It forms a well-crystallized hydrazone with phenylhydrazine; and a-nitroso propionic acid with hydroxylamine.
- Fischer found that if one molecule of phenylhydrazine acted upon one molecule of an aldose or ketose a hydrazone resulted which in most cases was very soluble in water, but if three molecules of the hydrazine reacted (one of which is reduced to ammonia and aniline) insoluble crystalline substances resulted, termed osazones, which readily characterized the sugar from which it was obtained.
Cane sugar has no reducing power and does not form an hydrazone or osazone; the other varieties, however, reduce Fehling's solution and form hydrazones and osazones, behaving as aldoses, i.e.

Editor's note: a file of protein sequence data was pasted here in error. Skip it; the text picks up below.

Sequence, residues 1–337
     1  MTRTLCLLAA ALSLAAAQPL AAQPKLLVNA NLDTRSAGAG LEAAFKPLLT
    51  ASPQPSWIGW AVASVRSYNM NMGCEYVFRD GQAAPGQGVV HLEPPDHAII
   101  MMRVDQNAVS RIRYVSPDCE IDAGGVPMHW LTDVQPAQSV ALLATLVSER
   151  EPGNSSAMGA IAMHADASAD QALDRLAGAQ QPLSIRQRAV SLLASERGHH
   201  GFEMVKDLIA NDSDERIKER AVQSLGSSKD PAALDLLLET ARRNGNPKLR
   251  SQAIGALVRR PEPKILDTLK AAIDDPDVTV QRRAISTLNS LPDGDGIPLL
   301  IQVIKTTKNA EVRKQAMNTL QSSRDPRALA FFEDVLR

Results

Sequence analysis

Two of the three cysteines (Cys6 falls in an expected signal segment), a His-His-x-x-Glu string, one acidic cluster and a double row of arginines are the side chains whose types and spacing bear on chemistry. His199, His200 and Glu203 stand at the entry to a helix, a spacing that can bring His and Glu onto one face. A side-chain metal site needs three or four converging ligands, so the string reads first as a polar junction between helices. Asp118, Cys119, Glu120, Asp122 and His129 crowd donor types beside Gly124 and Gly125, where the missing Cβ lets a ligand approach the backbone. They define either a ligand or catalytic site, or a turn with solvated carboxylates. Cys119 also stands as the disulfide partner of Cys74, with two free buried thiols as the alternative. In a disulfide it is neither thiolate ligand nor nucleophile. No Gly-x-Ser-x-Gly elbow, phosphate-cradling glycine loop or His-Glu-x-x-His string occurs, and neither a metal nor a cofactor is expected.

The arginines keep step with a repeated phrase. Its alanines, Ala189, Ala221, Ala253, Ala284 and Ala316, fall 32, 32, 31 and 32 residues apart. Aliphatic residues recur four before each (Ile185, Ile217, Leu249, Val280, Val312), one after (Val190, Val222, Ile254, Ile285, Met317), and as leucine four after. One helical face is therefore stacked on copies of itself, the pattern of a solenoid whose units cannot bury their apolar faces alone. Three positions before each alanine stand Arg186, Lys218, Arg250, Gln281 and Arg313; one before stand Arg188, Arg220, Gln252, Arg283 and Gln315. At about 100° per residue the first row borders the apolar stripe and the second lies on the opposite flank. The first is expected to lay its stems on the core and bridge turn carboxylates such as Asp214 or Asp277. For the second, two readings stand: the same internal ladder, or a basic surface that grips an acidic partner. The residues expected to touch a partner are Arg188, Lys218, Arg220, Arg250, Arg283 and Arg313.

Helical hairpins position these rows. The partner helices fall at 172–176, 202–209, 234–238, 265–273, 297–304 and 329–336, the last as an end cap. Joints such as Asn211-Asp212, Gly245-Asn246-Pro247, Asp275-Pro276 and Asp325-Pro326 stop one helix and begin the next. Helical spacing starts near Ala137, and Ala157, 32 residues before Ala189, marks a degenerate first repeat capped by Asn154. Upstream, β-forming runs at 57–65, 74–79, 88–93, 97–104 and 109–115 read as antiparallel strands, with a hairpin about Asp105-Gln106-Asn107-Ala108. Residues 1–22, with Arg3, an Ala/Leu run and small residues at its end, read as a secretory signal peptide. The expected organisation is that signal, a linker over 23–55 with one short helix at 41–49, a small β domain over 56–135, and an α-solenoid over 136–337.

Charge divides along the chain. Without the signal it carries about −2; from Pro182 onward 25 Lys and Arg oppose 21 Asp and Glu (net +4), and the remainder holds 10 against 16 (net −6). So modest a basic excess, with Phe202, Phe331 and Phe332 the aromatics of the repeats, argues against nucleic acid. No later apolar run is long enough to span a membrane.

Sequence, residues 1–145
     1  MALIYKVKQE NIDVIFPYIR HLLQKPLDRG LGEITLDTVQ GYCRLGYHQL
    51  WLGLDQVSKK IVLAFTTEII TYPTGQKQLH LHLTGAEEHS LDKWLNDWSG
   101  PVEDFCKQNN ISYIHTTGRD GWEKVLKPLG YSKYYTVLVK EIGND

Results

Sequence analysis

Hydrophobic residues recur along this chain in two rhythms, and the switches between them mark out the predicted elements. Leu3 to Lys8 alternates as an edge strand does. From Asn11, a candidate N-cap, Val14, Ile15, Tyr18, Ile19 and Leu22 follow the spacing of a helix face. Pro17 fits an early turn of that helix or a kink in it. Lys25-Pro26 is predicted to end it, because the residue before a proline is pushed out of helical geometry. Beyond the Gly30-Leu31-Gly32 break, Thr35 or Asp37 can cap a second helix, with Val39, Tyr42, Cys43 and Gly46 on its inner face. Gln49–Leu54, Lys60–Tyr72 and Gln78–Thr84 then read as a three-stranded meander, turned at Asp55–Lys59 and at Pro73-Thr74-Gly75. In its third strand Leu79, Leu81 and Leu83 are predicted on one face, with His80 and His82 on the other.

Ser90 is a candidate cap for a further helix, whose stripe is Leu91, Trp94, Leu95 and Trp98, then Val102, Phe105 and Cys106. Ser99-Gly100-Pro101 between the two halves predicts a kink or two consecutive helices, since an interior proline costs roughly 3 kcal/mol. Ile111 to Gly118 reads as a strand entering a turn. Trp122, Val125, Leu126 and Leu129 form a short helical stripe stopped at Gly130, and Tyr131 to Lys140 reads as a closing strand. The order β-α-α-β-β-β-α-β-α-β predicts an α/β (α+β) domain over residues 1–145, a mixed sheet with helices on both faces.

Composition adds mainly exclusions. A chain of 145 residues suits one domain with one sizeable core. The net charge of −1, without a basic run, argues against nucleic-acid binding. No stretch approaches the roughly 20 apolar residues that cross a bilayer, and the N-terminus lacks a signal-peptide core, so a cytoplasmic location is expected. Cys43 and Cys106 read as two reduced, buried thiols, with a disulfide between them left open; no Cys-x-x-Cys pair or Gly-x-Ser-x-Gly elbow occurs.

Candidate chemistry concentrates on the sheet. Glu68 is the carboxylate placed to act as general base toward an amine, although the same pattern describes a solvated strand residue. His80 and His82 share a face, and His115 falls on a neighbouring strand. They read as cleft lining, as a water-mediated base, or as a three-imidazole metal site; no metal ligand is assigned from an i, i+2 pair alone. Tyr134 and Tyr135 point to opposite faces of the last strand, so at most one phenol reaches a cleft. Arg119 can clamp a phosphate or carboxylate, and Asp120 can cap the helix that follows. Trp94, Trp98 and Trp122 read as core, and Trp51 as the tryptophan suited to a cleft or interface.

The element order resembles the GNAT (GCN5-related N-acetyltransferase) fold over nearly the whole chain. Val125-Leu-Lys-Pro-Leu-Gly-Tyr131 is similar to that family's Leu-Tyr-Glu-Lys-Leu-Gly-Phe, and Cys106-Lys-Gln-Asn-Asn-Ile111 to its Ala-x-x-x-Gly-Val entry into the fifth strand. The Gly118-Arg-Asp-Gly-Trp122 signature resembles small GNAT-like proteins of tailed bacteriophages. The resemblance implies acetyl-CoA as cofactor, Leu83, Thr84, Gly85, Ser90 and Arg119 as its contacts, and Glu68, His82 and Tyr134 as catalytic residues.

HYDRAZONE, in chemistry, a compound formed by the condensation of a hydrazine with a carbonyl group (see Alde Hydes; Ketones).
It may be synthetically obtained by distilling oxindole (C 8 H 8 NO) with zinc dust; by heating orthonitrocinnamic acid with potash and iron filings; by the reduction of indigo blue; by the action of sodium ethylate on orthoaminochlorstyrene; by boiling aniline with dichloracetaldehyde; by the dry distillation of ortho-tolyloxamic acid; by heating aniline with dichioracetal; by distilling a mixture of calcium formate and calcium anilidoacetate; and by heating pyruvic acid phenyl hydrazone with anhydrous zinc chloride.
It forms a hydrazone with phenyl hydrazine, and an oxime with hydroxylamine.